There are a lot of good reasons to name your trust as beneficiary or your retirement plan, whether a 401(k), 403(b), or IRA. Trusts provide for management of the IRA beneficiaries who are young, disabled, or for other reasons shouldn’t be managing the asset themselves. People in a second marriage or relationship may want their spouse or partner to benefit from the funds, but not be able to deplete them entirely. And trusts provide creditor and protection.
However, the trust may not protect your retirement funds from your own creditors.
Creditor Protection for Retirement Plans
IRAs enjoy substantial creditor protection during your life. If you get sued, your IRA will be subject to claim, but you can protect it by declaring bankruptcy. Under the federal bankruptcy code, the first $1,362,800 of your retirement assets are protected from having to be paid to creditors. Most cases settle, so you can generally get this protection without having to go through the bankruptcy process, but it’s there if necessary.
But Only During Life
However, that protection ends at death. It does not apply to inherited IRAs, those you leave to others or that you have inherited from others. Those are subject to claim. However, your heirs are not liable for your debts. So, if your retirement plans pass directly to your heirs, they will be protected from your debts.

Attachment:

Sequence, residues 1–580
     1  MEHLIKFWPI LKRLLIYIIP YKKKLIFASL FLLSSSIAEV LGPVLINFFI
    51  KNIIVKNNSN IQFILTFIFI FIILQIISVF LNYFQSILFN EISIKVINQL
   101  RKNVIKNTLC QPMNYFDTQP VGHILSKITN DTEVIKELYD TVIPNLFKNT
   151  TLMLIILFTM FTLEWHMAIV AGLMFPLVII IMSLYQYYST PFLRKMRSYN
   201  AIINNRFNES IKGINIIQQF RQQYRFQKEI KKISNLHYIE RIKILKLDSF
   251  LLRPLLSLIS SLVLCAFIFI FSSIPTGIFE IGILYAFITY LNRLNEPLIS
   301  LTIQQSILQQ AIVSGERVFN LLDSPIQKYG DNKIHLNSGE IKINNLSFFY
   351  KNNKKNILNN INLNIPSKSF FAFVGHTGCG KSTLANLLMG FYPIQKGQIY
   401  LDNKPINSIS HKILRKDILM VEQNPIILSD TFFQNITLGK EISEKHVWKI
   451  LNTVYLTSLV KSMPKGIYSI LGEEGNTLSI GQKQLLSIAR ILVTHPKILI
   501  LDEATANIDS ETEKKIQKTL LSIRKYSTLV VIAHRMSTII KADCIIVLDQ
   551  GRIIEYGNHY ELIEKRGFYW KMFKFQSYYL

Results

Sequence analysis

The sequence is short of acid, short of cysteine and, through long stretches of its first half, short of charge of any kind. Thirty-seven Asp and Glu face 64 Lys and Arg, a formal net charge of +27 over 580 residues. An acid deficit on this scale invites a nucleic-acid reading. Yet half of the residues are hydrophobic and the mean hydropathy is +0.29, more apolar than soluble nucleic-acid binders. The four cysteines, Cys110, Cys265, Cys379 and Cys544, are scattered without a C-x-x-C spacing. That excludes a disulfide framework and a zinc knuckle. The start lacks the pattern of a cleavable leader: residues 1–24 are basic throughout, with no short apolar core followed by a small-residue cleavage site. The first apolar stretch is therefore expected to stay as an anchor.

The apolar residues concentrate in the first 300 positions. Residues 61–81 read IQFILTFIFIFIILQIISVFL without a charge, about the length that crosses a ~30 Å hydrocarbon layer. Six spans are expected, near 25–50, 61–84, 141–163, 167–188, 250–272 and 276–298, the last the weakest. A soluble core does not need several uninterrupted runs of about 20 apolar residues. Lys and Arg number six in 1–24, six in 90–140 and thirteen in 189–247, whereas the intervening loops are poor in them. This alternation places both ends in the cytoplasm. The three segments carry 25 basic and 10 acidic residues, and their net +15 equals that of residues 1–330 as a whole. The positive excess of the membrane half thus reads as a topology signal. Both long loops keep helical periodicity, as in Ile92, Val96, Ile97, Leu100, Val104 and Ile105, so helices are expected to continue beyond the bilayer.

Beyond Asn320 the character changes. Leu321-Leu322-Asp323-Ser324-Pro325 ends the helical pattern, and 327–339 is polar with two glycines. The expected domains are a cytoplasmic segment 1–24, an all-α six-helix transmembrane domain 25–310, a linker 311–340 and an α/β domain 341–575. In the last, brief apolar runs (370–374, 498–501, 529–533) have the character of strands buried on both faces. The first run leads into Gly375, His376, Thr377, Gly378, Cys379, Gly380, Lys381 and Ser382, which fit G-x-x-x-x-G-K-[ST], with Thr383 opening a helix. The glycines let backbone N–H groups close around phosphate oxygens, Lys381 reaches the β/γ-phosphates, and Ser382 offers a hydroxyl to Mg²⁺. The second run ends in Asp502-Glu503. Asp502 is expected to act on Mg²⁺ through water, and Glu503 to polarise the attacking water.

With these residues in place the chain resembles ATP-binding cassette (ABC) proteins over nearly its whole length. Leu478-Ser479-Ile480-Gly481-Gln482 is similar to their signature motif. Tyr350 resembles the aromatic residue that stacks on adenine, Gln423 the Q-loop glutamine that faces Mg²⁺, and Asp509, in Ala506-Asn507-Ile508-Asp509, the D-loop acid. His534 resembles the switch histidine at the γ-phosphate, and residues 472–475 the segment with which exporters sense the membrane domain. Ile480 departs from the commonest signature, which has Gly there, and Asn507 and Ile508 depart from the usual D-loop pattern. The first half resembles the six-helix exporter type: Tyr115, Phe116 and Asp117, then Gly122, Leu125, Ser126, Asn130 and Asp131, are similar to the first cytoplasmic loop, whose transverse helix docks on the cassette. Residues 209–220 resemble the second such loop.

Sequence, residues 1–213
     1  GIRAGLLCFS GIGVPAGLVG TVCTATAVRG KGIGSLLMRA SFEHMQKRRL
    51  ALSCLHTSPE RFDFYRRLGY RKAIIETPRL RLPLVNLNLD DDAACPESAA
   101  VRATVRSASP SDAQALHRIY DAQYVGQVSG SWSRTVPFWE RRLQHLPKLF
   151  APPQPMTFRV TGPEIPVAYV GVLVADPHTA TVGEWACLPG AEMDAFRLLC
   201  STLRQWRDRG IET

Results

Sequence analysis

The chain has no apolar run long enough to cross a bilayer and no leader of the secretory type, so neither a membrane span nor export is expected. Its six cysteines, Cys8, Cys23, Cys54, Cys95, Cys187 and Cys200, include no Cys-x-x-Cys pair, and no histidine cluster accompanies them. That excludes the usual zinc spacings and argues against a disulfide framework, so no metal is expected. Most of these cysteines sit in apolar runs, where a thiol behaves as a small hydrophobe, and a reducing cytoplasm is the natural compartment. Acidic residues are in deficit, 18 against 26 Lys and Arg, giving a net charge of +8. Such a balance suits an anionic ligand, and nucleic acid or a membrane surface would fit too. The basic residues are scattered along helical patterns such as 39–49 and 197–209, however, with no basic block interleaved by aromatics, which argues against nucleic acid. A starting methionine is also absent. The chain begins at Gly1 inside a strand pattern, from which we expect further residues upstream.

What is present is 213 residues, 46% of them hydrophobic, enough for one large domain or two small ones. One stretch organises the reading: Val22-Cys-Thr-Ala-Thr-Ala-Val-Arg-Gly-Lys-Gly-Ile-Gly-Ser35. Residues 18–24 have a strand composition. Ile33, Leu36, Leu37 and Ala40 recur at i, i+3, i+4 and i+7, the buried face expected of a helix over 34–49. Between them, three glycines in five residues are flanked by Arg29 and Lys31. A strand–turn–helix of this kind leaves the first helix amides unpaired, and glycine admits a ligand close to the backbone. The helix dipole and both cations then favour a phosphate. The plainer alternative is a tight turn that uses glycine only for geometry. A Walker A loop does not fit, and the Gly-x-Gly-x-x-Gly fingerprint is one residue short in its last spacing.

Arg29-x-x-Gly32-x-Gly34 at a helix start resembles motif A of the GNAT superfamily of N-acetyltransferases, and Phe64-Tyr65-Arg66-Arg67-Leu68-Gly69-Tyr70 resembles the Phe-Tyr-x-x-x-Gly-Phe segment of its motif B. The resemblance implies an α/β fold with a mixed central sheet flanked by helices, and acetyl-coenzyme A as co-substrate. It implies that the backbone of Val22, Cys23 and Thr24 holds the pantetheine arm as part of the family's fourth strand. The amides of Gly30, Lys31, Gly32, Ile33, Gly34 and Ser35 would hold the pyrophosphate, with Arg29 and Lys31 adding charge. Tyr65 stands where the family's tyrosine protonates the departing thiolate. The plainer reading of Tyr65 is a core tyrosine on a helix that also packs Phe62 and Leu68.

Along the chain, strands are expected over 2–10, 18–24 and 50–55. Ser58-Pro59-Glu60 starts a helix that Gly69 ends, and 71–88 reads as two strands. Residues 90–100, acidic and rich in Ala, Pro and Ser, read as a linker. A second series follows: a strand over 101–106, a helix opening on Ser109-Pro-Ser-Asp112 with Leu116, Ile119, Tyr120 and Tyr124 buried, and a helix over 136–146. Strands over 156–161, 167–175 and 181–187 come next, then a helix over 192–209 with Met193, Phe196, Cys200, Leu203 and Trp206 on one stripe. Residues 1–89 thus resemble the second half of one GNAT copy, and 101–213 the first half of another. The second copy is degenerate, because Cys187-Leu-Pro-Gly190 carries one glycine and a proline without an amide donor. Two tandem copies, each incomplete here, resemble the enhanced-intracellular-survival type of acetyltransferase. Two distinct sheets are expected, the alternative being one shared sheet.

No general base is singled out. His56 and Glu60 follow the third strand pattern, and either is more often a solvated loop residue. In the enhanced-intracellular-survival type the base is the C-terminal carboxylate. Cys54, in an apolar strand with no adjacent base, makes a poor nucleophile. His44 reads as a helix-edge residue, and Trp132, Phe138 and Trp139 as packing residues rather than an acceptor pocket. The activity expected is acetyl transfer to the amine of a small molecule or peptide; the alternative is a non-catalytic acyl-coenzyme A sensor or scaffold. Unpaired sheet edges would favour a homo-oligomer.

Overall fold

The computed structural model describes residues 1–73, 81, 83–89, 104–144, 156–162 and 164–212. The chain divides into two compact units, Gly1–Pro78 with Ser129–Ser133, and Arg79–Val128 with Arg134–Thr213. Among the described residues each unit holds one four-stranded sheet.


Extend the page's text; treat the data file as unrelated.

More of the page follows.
By way of example, let’s assume an individual dies owing $400,000 to various creditors with a total estate of $500,000 divided between a house with a market value of $250,000, savings of $100,000, and retirement plans holding $150,000. If the retirement plans are paid directly to this individuals heirs, they will not be subject to the person’s debts. The rest of the assets will have to go to pay off debts, leaving nothing in the estate for the heirs, but also leaving the creditors short $50,000.
Revocable Trusts Subject to Claim
But what if the IRAs were payable to the individual’s revocable trust? Then they very well may be subject to claim. The Massachusetts Trust Code at M.G.L. 203E, sec. 505, says:
After the death of a settlor, . . . the property of a trust that was revocable at the settlor’s death shall be subject to claims of the settlor’s creditors . . . to the extent the settlor’s probate estate is inadequate to satisfy those claims.
In other words, if there’s not enough funds in the decedent’s probate estate to pay her debts, the creditors can go after her revocable trust.
The Kansas Case
In at least one case in Kansas, which like Massachusetts and 34 other states has adopted the Uniform Trust Code, the court ruled that this right of creditors to go after the decedent’s revocable trust applied to an IRA payable to the trust. There’s no reason to think that a Massachusetts court would not come to a similar conclusion.
So, if your debts exceed your non-retirement plan assets, don’t make your retirement plan payable to your revocable trust. Either make it payable directly to beneficiaries or, if a trust is necessary, to an irrevocable trust. But if your assets far exceed your debts, or possible lawsuit claims against you or your estate, then don’t worry about any of the above.